Yet why does society reject innocence? I believe it is because society as a whole has already lost their innocence and they know they can’t get it back. There is a price to being “cool”, being worldly; yet those who seek it don’t realize until it’s too late that maybe they’d rather not pay that price. Like the wealth they don’t possess, they end up rejecting and finally mocking what they can’t have – what they can’t be.
Obviously, I’m discussing the extremes of society for the most part, though I’m not even getting into a chat about the real ugly deviants who enjoy hurting others for the “fun” of it. In the midst of the extremes, many people start innocent, grow up, get worldly for better or worse, trade innocence for experience and end up more or less happy. Some of these people even trade innocence for wisdom, compassion, and an ability to understand another person’s pain, and they lend a hand where and when they can.
For the record, I am not innocent in any context of the concept of innocence. However, I didn’t throw my virginity on a trash heap in an effort to be “cool”, or in a blind rush to usher in adulthood. My physical virginity was torn from me as a child, by my parents. To cope, I collected vices like other boys collect stamps. So that may give insight as to why I’m against the mockery of and active efforts to cheapen the value of innocence.
Now, though, I’m a parent. My children are innocent, free of the horrors I was forced to adapt to in order to survive. I want them to be free to choose for themselves in all aspects of life. What I don’t want is to have society tell them that unless they are this or that, they can’t be “cool”. Locking them up in a convent isn’t the answer, though, so what do I do? Simple – I teach them about true choice, true value, and the real worth of innocence; and then I protect them from outside forces that would try to harm them.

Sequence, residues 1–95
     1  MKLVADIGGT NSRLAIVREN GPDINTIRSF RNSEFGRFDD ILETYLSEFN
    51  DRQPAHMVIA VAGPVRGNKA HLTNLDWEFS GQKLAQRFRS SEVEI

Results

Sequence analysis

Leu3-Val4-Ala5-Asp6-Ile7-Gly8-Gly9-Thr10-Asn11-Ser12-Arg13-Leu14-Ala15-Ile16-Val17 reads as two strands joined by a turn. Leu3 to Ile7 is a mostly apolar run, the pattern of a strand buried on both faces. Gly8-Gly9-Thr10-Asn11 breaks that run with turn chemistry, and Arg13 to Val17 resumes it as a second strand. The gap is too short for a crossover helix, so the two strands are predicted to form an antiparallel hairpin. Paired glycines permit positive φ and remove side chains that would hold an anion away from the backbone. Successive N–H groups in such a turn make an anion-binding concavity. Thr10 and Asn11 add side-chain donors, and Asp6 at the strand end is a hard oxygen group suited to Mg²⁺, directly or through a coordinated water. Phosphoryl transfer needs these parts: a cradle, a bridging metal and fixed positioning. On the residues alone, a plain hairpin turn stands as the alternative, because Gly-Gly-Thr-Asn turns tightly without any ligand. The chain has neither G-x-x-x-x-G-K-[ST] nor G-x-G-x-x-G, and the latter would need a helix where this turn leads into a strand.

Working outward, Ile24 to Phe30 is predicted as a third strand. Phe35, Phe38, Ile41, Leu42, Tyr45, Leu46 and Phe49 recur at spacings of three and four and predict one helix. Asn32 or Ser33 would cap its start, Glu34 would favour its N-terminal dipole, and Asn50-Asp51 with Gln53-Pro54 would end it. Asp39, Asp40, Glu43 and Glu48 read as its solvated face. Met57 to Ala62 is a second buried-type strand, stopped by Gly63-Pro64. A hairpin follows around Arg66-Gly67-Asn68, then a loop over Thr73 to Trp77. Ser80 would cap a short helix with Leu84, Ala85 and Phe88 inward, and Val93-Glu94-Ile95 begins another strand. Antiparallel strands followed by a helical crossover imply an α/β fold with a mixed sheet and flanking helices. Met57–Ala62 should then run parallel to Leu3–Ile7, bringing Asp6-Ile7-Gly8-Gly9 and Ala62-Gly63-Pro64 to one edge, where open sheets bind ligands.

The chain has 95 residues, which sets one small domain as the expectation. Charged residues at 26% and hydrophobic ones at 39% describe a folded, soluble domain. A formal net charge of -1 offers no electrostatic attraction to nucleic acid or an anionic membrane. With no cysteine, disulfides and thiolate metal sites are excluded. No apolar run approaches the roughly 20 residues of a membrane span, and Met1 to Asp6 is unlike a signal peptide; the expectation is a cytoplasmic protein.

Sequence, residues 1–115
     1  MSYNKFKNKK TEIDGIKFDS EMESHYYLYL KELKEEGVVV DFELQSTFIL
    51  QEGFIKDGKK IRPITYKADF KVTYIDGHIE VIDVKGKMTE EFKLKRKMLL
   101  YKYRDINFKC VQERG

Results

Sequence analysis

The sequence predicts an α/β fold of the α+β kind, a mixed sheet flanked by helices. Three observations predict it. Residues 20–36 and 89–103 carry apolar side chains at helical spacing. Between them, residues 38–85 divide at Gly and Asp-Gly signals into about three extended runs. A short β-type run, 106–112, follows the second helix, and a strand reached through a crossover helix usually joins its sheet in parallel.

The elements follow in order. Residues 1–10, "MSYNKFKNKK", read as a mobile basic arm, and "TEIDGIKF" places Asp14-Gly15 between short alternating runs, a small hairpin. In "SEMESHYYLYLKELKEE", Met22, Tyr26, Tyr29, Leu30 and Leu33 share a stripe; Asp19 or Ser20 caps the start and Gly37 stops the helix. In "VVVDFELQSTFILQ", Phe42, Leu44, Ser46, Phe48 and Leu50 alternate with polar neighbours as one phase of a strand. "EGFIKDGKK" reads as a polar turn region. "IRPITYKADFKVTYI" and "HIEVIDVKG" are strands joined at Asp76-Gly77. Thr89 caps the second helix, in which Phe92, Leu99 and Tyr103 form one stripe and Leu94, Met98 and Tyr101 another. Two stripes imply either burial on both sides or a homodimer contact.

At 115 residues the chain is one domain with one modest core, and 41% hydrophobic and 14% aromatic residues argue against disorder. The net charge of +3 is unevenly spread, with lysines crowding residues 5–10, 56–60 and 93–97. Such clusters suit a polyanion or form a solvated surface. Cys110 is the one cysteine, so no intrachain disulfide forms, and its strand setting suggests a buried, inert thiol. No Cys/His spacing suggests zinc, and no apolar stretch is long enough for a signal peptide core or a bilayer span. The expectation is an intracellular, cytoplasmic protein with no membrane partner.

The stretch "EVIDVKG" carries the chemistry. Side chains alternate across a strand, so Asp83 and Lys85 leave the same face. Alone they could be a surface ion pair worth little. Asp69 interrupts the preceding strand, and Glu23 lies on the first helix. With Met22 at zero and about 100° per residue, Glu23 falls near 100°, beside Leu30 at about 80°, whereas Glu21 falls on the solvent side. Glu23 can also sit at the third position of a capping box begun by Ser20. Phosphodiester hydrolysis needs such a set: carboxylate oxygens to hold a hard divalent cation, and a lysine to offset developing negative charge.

My final question was: Why are people willing to ruin their lives in the insane quest to be “cool”? I already know the answer, though. “Cool” is just a word. What it is at its root is acceptance. Acceptance doesn’t just mean one has friends. It means one won’t be shunned out of society. This drive to be accepted by our peers, our herd, or our pack; it’s instinctive, even primal.
In animals, the unfit is driven away or killed in order to preserve the health of the group. In people, it’s different, and far more brutal. We have “evolved” into a species that drives out the unfit, people who may not be unfit at all. They are merely branded “unfit” by the present group doing the driving out, because that group only wants members to be just like them. Anybody not just like the group could “taint” the group. This does nothing to improve the health of the group, or of society.
To me, this is nothing more than our base instincts being twisted into something sick and likely dangerous to many. For those who don’t agree, ask Stuart Walker of Scotland. Wait, we can’t do that; Stuart was beaten and burned alive, left out on the street as a warning – to other gay people. Yet most folks I talk to would agree that Stuart wasn’t “unfit” for any reason, and certainly not because he was gay. So why was he murdered? Because some people don’t agree with us that a gay man isn’t “unfit”, or a threat to their group.
One could argue I’ve wandered a bit from the topic of innocence and why it’s rejected and mocked. I haven’t – I’ve just carried it down a few different and variably disturbing pathways. What did neighbors, friends, and family say in the papers about Stuart Walker? He was a kind, decent, caring person, who hadn’t committed a crime or harmed or aggravated anybody. He was innocent.
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© W.R.R. 11/2/2011